Keeping your little ghouls and ghosts safe on Halloween
Published 10:15 am Wednesday, October 25, 2017
By Jennifer Howard
Trick or Treat time will be here in a matter of days. Prepare your goblins now for a safe night out with the right costume.
Start with flame resistance. When you buy a costume, mask, beard or wig, look for the label with the words “flame resistant.” Although this label does not mean the items won’t catch on fire, it does indicate the item will resist burning and should extinguish quickly once removed from the ignition source.
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To lessen the risk of burns, children should avoid candles and other sources of ignition especially when wearing costumes made from flimsy materials and outfits with big, baggy sleeves or billowing skirts.
Always make sure costumes are designed to be seen visibly to motorists at night. Decorate costumes with reflective tape that will glow in the beam of a car’s headlights.
Bags or sacks should also be light in color and decorated with reflective tape.
Other items about costumes to remember is to keep them short enough to prevent children from tripping and falling. They should wear well-fitting, sturdy shoes. High heels are not a good idea for safe walking. Hats and scarves should be tied securely to prevent them from slipping over children’s eyes.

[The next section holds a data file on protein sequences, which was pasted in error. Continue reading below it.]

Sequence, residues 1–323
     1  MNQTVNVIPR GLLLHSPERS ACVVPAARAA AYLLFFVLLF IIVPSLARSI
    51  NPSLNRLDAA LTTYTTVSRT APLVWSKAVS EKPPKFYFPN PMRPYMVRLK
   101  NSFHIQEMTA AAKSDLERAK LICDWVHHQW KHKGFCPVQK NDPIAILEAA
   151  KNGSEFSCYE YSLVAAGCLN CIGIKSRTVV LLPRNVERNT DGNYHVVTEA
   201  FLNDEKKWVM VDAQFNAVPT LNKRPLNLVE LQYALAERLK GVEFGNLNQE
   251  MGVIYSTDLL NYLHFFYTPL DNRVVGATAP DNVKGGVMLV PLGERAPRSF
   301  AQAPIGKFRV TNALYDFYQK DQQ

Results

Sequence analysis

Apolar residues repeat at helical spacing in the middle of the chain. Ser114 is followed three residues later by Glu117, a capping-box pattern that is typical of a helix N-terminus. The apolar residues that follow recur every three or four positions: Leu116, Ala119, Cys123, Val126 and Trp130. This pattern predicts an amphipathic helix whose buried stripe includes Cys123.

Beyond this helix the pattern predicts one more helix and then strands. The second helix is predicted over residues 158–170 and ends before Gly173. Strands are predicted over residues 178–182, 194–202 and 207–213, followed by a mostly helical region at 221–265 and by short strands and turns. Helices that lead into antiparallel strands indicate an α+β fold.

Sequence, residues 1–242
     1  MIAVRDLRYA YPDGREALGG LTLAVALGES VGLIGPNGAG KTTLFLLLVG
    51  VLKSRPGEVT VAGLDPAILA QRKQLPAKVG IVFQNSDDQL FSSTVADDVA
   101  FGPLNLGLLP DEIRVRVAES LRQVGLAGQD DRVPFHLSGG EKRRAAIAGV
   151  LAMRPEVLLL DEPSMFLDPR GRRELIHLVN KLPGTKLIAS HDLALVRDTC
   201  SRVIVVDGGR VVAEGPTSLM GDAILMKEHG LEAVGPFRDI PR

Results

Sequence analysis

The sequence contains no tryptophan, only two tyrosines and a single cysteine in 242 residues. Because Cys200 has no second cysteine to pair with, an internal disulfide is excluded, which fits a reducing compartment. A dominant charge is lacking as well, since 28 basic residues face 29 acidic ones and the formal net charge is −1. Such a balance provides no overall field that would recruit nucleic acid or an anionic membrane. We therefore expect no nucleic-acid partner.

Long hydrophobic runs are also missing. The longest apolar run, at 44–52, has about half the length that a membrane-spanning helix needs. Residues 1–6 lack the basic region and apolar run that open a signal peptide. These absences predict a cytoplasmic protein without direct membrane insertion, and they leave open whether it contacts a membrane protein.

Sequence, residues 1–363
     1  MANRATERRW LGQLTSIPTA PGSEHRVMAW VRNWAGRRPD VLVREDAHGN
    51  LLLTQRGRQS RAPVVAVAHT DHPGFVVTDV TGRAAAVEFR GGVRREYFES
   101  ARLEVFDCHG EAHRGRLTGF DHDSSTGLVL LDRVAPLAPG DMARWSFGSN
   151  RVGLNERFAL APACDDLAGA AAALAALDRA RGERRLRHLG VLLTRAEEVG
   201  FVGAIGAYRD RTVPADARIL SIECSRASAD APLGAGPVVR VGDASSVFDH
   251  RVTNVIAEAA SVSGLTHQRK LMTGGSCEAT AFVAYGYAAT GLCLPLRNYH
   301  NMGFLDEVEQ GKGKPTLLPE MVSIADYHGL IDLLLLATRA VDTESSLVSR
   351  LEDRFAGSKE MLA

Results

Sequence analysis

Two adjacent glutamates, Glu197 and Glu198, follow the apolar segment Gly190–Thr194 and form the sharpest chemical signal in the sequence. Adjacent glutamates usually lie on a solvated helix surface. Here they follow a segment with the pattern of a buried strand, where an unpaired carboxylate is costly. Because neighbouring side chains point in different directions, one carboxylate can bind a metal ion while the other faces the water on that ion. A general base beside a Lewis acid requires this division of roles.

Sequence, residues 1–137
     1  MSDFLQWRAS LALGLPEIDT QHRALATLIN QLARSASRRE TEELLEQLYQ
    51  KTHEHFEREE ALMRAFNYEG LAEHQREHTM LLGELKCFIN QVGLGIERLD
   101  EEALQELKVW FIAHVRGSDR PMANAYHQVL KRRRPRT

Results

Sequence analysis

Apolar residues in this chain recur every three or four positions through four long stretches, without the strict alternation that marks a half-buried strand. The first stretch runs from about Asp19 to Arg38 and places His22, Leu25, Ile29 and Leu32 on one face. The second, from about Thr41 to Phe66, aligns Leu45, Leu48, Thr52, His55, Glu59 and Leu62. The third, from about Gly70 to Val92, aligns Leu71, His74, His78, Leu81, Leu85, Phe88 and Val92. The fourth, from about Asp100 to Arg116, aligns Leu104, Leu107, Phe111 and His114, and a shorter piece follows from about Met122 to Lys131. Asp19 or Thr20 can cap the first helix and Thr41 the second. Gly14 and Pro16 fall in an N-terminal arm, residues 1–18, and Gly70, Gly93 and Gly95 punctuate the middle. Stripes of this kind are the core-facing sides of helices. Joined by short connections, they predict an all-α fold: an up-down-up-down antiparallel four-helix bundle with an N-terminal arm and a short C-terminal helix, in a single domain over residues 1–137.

Use cosmetics rather than have your child wear a loose-fitting mask that might block vision. If you do use a mask, make sure it fits securely and has eyeholes large enough to allow for full vision.
Keep your Halloween foods safe too by following these recommendations from the Partnership for Food Safety Education:
— Don’t leave perishable foods out at room temperature for more than two hours.
— Keep all perishable foods chilled until serving time. To keep store-bought party trays cold, fill the lids with ice and place trays on top. Keep salads and dips cold by nesting them in larger bowls of ice.
— When baking Halloween treats, don’t or dough and batters that contain raw eggs.
— Serve only pasteurized juice or cider at your party. Unpasteurized juice or cider can contain harmful bacteria such as E.coli and salmonella.
— Instead of junk food, stock your candy bowl with healthier goodies, like low-fat granola bars or snack-sized bags of nuts, trail mix, pretzels, cheese puffs or other low calorie choices. If you or your child really have to have chocolate, look at the nutrition label. Some sweets have less fat and calories than others. There are even some good sugar-free choices available too.
Since everyone won’t be shopping and preparing healthy alternatives for their little ghost and goblins, be sure to ration the Halloween candy when your children come home.
For more information on healthy food choices contact the Clark County Extension Office at 744-4682 or visit us on the web at http://ces.ca.uky.edu/clark/.
Jennifer Howard is the County Extension Agent for Family and Consumer Sciences.